Eileen Carroll and Kate Jackson
Opinion: A simple mediation clause could avoid costly litigation
26 July 2010
8 April 2013
28 June 2013
27 February 2013
19 July 2013
8 February 2013
When dealing with difficult or intransigent disputants, having the ability to use a neutral to facilitate a negotiated settlement can be invaluable.
Having in place the mechanism to do this is a wise move. This can be done without price by the inclusion of a simple clause in the underlying contract requiring that the parties mediate any disputes that arise, thus saving much pain, money and time further down the road by avoiding stalled negotiations and litigation.
The Centre for Effective Dispute Resolution’s (CEDR) 2010 Mediation Audit, a survey including general counsel, showed that as many as 90 per cent of the organisations surveyed now include mediation clauses in some of their commercial, IT, employment or supplier contracts.
A further survey of transactional departments of City law firms showed that a number of major firms now include a mediation clause as an option in their standard form of precedent documentation for clients to select when entering into commercial contracts. Long-term infrastructure, PFI and other international contracts increasingly have escalation clauses which include reference to mediation.
Trial lawyers aside, few people enjoy litigation. It is costly, disruptive and can escalate to a level where no one benefits. Companies manage how they conduct their day-to-day operations carefully, but surprisingly neglect to manage the potentially largest and most disruptive factor in their business: their disputes. In mediation clients retain control over their dispute and often solve them the way they solve other issues in their business, commercially, yet it can be easier to invoke if mediation is referred to in the original contract.
In the past couple of years there has been a noticeable increase in referrals to the CEDR where chief executives have wanted to mediate and have been successful without any formal litigation or arbitration. The disciplined approach to negotiation afforded by the mediation framework is now a tool that senior businessmen are using.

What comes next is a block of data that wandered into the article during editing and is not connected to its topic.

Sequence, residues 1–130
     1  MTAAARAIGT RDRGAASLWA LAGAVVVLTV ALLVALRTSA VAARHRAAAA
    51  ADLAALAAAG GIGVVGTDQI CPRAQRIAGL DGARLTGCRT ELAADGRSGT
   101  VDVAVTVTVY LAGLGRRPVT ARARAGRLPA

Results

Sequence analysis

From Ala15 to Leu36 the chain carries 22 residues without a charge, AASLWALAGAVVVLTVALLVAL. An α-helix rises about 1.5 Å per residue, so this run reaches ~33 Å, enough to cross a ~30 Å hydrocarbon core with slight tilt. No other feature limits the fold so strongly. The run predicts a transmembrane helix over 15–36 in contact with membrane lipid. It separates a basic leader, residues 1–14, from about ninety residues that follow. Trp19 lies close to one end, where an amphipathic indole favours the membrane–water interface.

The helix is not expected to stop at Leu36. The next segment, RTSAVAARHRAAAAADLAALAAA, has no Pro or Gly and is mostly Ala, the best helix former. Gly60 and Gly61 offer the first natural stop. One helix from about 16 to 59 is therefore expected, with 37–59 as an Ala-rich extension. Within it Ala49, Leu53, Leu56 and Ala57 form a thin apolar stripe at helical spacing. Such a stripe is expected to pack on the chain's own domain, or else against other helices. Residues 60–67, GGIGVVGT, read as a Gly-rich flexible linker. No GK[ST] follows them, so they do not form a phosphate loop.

The moment formal litigation starts a client loses an amount of control over what happens. Once engaged in litigation, the rules of procedure and evidence will largely dictate how the case is conducted. As defendant (short of meeting the claim) the client cannot stop the process and must respond to pleadings and undertake lengthy invasive processes such as disclosure and witness statements. Even the claimant cannot stop the process without risking often considerable costs liabilities.
A client has no control over the final outcome, as the court decides the case on the merits, not the commercial reality of the situation. A judgment may therefore be disproportionately damaging in terms of publicity or precedent for more claims, or a client simply may not be able to pay, putting both sides at risk.
The CEDR reports that the value of cases mediated each year is now approximately £5.1bn and that in 2010 the commercial mediation profession will save business around £1.4bn in wasted management time, damaged relationships, lost productivity and legal fees - 89 per cent of cases settling on the day of mediation or shortly after. But many parties do not know enough about mediation or do not use it often or early enough. The January 2010 report by Lord Justice Jackson into civil litigation costs said that alternative dispute resolution is still under used and needs to be promoted widely.
A simple clause requiring that parties to a contract mediate prior to issuing formal proceedings is all that is needed. A more comprehensive clause might state how to refer to mediation, appoint a mediator, the timescale in which it would be done and when to bypass the process if legal rights need protection.
Eileen Carroll, deputy chief executive, and Kate Jackson, mediator, Centre for Effective Dispute Resolution